Meanwhile, a voidable employment contract is a formal contract that starts off as valid but becomes unenforceable later on. This happens for a myriad of reasons, from a party being forced into signing an agreement to the terms of the contract being violated, and even information in the contract being misrepresented or withheld.

What makes an employment contract void?

Despite an employment contract being valid and enforceable by the parties involved at the start, the agreement is still viable to being void and unenforceable. There are more reasons which causes an employment contract void aside from those mentioned above.

Below listed are some common factors that can make an employment contract void:

  1. Provisions are too broad

An employment contract should have detailed and specific policies to avoid too broad terms and conditions. Having overly general provisions and a “one-size-fits-all” type of contract leaves room for misinterpretation and unnecessary policies clashing. It could also lead to a lot of damages for the parties during a legal dispute since the contract details are too broad to cover any specific issue. For example, an employee could claim false promises if the employer promised to provide something in the employment and was not clearly stated in the contract due to the terms being too broad.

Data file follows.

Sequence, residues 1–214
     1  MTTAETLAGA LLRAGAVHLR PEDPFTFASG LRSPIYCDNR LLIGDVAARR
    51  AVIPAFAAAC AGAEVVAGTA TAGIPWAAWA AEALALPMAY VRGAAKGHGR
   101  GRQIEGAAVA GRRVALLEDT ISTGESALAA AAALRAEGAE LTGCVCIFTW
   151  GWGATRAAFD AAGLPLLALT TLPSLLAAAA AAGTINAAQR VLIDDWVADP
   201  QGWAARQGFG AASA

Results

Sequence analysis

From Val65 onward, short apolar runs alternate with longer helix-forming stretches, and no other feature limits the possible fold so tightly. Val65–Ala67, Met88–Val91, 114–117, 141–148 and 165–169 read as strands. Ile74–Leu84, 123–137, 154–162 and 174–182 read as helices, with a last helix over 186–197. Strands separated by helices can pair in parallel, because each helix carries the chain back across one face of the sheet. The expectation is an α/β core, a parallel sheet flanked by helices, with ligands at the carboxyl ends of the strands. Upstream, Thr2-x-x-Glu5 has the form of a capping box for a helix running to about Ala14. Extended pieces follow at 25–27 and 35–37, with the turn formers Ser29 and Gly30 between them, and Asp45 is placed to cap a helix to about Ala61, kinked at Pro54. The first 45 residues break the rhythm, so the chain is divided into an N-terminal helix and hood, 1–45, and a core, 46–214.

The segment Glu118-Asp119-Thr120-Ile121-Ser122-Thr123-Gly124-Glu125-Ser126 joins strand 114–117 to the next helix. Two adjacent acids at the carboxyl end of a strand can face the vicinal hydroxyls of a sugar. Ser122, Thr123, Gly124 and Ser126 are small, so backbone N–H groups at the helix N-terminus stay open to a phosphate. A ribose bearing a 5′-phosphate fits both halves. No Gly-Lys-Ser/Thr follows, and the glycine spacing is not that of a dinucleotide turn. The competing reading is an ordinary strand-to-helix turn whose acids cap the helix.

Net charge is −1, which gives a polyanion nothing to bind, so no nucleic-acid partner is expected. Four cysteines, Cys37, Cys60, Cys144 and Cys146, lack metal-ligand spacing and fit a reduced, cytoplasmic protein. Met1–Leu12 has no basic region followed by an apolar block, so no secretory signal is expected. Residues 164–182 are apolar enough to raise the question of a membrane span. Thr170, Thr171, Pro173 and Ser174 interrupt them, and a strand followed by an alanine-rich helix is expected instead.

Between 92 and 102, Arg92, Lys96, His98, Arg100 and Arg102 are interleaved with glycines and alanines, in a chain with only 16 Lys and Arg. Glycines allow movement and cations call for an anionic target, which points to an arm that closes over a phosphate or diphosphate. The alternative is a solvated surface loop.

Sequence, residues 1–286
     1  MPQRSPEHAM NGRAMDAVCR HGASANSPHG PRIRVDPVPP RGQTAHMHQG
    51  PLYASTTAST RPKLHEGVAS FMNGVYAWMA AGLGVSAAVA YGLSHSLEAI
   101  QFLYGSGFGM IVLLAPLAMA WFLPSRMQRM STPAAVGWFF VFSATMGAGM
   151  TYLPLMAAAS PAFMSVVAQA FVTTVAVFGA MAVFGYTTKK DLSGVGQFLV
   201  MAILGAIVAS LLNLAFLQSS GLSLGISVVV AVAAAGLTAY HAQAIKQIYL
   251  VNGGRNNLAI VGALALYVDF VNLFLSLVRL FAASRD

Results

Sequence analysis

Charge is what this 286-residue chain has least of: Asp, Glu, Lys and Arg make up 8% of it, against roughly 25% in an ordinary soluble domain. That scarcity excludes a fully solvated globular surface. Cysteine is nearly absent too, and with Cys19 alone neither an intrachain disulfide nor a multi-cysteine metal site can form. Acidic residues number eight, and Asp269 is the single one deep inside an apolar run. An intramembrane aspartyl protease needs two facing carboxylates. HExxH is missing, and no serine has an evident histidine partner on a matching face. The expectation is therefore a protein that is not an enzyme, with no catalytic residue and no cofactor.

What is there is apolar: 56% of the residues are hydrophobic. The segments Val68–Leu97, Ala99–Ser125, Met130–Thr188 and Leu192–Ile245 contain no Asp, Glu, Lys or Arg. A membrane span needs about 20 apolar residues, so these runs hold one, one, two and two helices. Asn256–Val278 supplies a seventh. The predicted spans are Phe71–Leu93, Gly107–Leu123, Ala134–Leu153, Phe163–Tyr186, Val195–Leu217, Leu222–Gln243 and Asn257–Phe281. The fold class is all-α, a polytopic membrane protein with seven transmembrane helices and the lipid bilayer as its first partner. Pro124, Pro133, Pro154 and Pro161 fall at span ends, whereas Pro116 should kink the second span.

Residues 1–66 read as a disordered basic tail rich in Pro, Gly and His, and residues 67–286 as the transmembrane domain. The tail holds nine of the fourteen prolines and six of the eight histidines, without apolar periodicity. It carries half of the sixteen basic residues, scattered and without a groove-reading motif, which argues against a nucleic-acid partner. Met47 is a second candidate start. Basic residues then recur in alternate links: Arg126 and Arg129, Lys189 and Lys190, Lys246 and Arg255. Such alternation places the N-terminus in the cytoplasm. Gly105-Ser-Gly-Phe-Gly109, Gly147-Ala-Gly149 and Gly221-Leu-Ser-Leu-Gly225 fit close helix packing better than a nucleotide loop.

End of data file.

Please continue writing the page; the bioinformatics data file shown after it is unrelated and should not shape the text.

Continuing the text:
1. Provisions are inappropriate

Companies should be detailed and precise in an employment contract’s terms and conditions but should still be fair and reasonable with the provisions to be put in place. Having too restricting and inappropriate terms usually happen due to the company’s desire to protect their data, image, clients, and employees from any possibility of failure or competition.

For example, restricting an employee’s access to certain information and tools that help them in their work while limiting them from buying other external devices themselves may be considered unjust and could lead to a void employment agreement. Employers should know their limits in controlling the actions of employees and understand that giving employees the freedom to decide and act on things related to their work is key to a successful company.

  1. No consideration for the employee

A good employment contract includes considerations that see employees benefitting from the agreement. The consideration they receive is important for employees as it is what they are usually looking for from companies to stay and grow in their role. This could be in the form of a benefit, a promotion, or a raise. When no consideration is offered in the employment contract, it is considered void.